Guidelines for Area Walks*

Rhodesian Ridgeback Club of Eastern Canada


Purpose: to provide a safe location for Club members, and other RR owners, to walk with their dogs, leashed or off leash, to promote socialisation of both owners and dogs, to promote information exchange and to encourage a healthy, friendly environment.



Coordinator: a Club member, or member of the Executive, acts as Coordinator.  The Coordinator is responsible for having checked out the area, for reminding participants of the walk date, for ensuring there is a first aid kit at the walk site.  The Coordinator, or coordinators, retain full authority for behaviour during the walks.


The Coordinator(s) uses discretion but should offer counsel should an altercation occur and will request that unruly dogs be kept on leash.  The Coordinator(s) should have sufficient experience that advice and assistance can be offered to RR owners with untrained dogs.


Participants: all participants are responsible for their own dogs.  Participants are expected to control their dogs and let others know should their dog be difficult (i.e. be aggressive, be hyper-active, be shy, etc. etc.).


all participants bring their own leads, water, treats and all of their own needs.


General procedures: the Coordinator(s) is/are at the meet site punctually.  The group will wait for approximately 5-10 minutes. There is no obligation for RR owners to attend every time, they may advice the Coordinator(s), or another walker, otherwise.


Poop and scoop rules apply in all cases.  If the walk is in the woods or a less trafficked area, pushing poop off into the bush is OK.


Generally common sense behaviour applies.  For instance, If an owner gives a dog a treat, be sure there are sufficient treats for all the dogs that may be around you; be sure all dogs are sitting; called by name and do not grab.  If in doubt, do not give treats and ask the other dog’s owner first.


The walks commence with all dogs leashed.  Once initial excitement has quietened down, the dogs are let off leash.  However, this choice is up to the owner of the RR. There is no obligation to be off leash.  On average participation is between 10-15 RRs; from a low of 3-5 to a high of 20! It is suggested that a group of this number (20) is too large to let all dogs off leash at one time.  In the event that large numbers become the norm, the consideration should be given to dividing the group into two or more gatherings for safety and a more enjoyable outing.


If the walks are held in an area where one is likely to encounter other walkers (dogless), owners are to leash dogs and stand back off the trail.  Or if there are other dogs in the area, participants are responsible for ensuring their own dog remains close (and leashed) and does not create a nuisance with others in the park.  If the walk is over open areas the dogs run and play together freely – walkers remain watchful.


If there is an aggressive dog, the Coordinator(s) are responsible for speaking to the owner and requesting the dog be leashed.  The Coordinator(s) have the responsibility of necessary follow-up (suggesting training techniques; OB classes, discussing veterinary visits (if unneutered dog) and including the possibility that the dog should not return to the walks until behaviour has been corrected.


In the event of an altercation where the involved owners dispute which dog started the confrontation, all owners are required to leash or crate their dogs.


Normal practice dictates that any veterinary bills should be resolved between the parties involved.   In no case is the RRCEC responsible.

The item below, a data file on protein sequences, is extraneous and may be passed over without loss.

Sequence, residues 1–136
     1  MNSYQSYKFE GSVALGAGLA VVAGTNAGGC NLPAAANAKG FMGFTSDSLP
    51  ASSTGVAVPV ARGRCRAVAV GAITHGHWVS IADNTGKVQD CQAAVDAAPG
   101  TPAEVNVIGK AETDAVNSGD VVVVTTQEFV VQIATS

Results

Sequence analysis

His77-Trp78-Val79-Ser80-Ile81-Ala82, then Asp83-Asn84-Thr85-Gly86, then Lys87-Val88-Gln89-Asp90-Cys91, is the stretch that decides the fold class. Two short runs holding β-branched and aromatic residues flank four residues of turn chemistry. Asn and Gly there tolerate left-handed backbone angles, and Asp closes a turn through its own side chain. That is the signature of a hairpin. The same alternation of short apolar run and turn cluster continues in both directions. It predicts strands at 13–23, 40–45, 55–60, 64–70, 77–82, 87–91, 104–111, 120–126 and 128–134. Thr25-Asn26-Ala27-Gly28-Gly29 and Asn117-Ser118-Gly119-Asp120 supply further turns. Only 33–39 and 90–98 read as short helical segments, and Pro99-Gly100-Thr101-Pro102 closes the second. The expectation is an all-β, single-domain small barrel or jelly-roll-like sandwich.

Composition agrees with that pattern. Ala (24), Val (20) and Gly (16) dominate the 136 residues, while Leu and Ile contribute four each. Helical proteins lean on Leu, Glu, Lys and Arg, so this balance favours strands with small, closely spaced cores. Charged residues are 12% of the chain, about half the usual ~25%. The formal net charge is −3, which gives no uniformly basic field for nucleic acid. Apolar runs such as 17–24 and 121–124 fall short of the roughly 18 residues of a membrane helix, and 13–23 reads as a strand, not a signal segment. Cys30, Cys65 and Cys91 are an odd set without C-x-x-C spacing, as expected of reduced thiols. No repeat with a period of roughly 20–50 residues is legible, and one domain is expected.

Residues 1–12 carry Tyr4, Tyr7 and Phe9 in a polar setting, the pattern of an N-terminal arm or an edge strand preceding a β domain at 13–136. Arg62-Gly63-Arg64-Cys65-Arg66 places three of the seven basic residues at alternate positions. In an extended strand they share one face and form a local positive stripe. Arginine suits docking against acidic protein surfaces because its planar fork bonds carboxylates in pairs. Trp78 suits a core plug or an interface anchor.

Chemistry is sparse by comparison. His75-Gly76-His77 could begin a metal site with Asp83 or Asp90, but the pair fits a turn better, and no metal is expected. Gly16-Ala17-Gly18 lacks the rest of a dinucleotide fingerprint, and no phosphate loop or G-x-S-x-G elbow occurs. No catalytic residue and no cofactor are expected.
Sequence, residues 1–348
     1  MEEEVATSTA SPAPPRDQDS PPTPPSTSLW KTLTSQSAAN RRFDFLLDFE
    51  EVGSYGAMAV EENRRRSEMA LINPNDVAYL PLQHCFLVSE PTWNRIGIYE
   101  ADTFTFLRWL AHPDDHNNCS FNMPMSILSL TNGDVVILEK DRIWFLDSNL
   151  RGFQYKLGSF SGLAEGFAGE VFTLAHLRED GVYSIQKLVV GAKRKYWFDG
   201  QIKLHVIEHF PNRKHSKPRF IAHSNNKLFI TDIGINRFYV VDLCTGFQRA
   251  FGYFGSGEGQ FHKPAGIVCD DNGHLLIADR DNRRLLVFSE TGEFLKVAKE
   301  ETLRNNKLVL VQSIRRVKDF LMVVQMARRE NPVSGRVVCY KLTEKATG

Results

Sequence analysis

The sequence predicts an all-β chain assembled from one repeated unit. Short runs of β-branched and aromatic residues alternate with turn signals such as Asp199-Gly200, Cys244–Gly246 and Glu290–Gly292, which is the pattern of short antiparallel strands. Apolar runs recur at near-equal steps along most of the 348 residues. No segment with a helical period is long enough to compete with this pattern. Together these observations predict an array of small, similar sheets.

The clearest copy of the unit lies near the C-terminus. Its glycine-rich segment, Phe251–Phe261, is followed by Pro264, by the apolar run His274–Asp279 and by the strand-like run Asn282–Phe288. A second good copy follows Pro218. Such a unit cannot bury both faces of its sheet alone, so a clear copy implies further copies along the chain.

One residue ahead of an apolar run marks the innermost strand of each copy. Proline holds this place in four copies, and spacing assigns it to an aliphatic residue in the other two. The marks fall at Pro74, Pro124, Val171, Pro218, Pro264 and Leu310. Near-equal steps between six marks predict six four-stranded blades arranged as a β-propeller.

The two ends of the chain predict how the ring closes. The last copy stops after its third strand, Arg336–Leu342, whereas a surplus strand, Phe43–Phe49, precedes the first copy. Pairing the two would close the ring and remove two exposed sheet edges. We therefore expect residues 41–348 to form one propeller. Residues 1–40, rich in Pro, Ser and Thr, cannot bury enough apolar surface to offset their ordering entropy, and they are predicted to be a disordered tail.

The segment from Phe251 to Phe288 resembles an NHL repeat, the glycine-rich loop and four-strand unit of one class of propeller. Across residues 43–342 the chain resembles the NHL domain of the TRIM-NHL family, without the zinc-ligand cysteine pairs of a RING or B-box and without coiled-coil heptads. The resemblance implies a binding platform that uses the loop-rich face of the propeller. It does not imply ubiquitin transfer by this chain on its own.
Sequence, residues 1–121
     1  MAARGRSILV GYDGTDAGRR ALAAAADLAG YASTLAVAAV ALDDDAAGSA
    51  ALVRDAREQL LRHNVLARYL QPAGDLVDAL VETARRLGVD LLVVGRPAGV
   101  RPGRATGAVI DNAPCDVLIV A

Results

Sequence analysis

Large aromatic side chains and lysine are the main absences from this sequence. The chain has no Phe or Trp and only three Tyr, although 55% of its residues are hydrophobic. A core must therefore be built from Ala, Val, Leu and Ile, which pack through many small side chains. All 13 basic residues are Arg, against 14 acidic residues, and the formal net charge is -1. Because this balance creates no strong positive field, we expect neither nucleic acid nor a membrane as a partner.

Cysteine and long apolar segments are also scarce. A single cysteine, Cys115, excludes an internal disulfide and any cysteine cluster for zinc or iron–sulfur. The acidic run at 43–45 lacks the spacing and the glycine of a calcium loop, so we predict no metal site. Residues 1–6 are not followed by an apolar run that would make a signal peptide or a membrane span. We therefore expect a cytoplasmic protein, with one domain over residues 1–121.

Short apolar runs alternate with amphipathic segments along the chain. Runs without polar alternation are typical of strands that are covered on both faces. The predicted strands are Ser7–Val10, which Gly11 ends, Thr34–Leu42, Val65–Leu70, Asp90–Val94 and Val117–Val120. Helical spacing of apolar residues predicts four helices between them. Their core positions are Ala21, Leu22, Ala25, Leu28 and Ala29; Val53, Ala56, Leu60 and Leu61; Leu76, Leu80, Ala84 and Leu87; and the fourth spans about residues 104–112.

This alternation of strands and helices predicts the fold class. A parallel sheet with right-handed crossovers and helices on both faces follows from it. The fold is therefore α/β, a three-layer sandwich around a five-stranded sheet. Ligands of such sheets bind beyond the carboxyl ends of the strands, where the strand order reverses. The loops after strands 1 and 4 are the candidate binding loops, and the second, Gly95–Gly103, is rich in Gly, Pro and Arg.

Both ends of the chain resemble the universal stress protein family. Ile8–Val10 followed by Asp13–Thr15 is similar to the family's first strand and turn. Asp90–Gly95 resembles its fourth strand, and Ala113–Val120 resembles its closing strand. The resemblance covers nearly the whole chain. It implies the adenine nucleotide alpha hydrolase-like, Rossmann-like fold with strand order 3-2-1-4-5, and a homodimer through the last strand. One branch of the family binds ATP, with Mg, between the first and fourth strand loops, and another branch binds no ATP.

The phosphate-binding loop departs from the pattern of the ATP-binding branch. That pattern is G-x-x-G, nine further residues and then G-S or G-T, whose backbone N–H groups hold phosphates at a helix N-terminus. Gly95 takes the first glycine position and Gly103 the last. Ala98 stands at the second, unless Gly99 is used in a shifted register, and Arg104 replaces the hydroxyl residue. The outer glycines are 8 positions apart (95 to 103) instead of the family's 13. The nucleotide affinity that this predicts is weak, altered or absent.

*Currently we are requesting all area walks in public areas be on leash.  If the walk is held on private property, dogs may be off leash at the discretion of the area coordinator and property owner.


Guidelines for Group Picnics


The objective of these guidelines is to promote a friendly, safe environment for our picnics, as well as promoting responsible dog ownership.


  1. Owners are responsible to monitor closely their own dog or dogs while they are off leash. Please inform other owners if your dog could be shy, aggressive, or rough when playing with other dogs.
  2. Owners shall be responsible for picking up after their dog (poop & scoop rules apply).
  3. During mealtimes, all dogs must be put on leashes or if it is not too hot, returned to their owners vehicles.  This should eliminate any food aggression that may occur and stop, hopefully, any food theft .
  4. Given the potential for undesirable interaction between intact males, the basic policy will for all intact males that are 2 years of age & over, or have been used for breeding, are to be leashed with an opportunity to be off leash one at a time, for timed intervals . The younger males that start to be randy, or show any signs of aggression will also have to be leashed.
  5. We would ask that all owners of bitches that are in season to please leave them at home. There will be other picnics that they will be able to attend.
  6. All dogs must be leashed when activities such as lure coursing, games, or canine good neighbour testing are underway in order to ensure the safety and focus of all the dogs participating in such events.
  1. Should there be an altercation, the owner of the dog that started the altercation will be asked immediately to put that dog on a leash for the rest of the picnic. Should the owner not agree and leave the dog off leash, he or she will then be asked to leave the picnic.
  2. As responsible dog owners, should there be an altercation in which the victim of an aggression requires professional attention, the owner of the dog responsible for the attack should consider themselves responsible for paying all of the vet bills.


Assuming there is a member of the RRCEC Executive present, they should attempt to arbitrate between the owners of the dogs involved.